Honoring One Legacy by Building Another

Today it was announced that Steve Jobs passed away.  While there are a number of mixed opinions of how he did things, no one can argue that he made a difference in this world.  He looked at the world differently and so many people have enjoyed the fruits of his visions either through one of many Apple Products or through the works of Pixar Animation Studios.  Through his works, his vision, and perhaps even his reality distortion field, his legacy will be experienced for decades.

But in this time of reflection, I look around and see so many companies and people paying homage to him via Twitter, Facebook, and any other broadcast channel.  Even the President of the United States made a point of commenting on this event.  I see this amount of collective voice and remembrance and am in awe.  If there ever was a person of recent years with such a bold legacy, it would be Steve’s.

This reminds of of a book I read four years ago that talked about building a legacy and the stages a person goes through to get to that point. In retrospect, the book was off if you compare the legacies that it outlines and that of Steve Jobs.  Based on Steve’s 2005 Stanford University commencement speech, he didn’t seem to be a person that set out to build a legacy in and of itself or setup a foundation.  His legacy was based on his stubborn focus in doing what he loves and refusing to bend to many of norms of the common era.  He paved his own road and produced a legacy as a true biproduct.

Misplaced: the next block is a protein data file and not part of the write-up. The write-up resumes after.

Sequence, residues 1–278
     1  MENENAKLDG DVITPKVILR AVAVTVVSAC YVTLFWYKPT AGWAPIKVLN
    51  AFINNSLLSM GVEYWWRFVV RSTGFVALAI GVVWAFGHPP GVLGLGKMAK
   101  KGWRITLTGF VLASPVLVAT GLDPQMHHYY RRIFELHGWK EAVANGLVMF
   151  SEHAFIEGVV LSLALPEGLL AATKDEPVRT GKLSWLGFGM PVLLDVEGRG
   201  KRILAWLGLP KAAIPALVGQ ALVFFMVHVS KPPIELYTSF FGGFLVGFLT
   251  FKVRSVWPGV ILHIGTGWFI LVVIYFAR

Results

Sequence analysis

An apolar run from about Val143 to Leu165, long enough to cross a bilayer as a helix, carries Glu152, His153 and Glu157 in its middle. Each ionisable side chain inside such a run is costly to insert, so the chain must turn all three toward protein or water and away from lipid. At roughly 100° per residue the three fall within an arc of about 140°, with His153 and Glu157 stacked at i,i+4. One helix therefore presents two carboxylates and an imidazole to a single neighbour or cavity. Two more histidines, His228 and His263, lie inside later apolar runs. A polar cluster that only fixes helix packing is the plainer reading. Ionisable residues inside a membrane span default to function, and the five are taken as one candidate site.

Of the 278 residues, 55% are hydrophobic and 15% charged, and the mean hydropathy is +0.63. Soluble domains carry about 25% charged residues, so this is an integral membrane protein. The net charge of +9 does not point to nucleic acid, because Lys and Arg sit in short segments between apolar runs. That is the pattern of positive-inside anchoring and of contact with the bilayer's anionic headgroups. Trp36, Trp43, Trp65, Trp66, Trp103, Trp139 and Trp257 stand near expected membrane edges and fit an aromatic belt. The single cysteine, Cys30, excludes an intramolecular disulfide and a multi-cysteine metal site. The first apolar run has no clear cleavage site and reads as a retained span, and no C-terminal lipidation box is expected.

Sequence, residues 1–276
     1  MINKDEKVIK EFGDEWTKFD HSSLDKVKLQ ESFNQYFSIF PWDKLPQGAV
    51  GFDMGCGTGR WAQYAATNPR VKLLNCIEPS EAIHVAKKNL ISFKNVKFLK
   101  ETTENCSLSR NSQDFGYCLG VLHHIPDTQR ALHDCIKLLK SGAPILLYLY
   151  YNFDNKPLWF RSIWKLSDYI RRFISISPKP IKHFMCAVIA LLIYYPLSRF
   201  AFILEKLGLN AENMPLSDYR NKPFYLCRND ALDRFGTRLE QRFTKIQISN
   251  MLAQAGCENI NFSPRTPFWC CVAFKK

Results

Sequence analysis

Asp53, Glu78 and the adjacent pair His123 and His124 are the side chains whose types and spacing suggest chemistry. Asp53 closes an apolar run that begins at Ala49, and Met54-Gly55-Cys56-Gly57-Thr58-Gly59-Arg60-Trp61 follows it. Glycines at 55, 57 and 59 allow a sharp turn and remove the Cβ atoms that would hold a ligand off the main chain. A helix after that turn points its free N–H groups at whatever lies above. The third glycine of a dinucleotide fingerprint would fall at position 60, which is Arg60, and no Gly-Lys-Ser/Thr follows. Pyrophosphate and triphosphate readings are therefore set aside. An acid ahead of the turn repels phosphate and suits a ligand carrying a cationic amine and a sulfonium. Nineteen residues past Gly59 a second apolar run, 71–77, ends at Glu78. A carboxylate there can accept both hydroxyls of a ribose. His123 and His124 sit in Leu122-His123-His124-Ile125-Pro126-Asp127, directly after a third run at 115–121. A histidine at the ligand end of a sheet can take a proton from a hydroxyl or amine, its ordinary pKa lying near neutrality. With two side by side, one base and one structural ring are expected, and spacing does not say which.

Thinking about how he accomplished things and the sheer magnitude of it all, I can’t help but consider how plausible a fraction of such is today.  Because of the innovations that Steve, Apple, and other pioneers of technology have given us, it is easier for us to communicate and execute and build our own visions.  We can materialize our dreams and it’s when we realize we are our biggest restraints are within that anything is possible.

It’s never late to begin building our dreams and visions.  Nothing is written that what we create today won’t reshape the world to the same degree that Steve did.  Now is the time to start building our passions.

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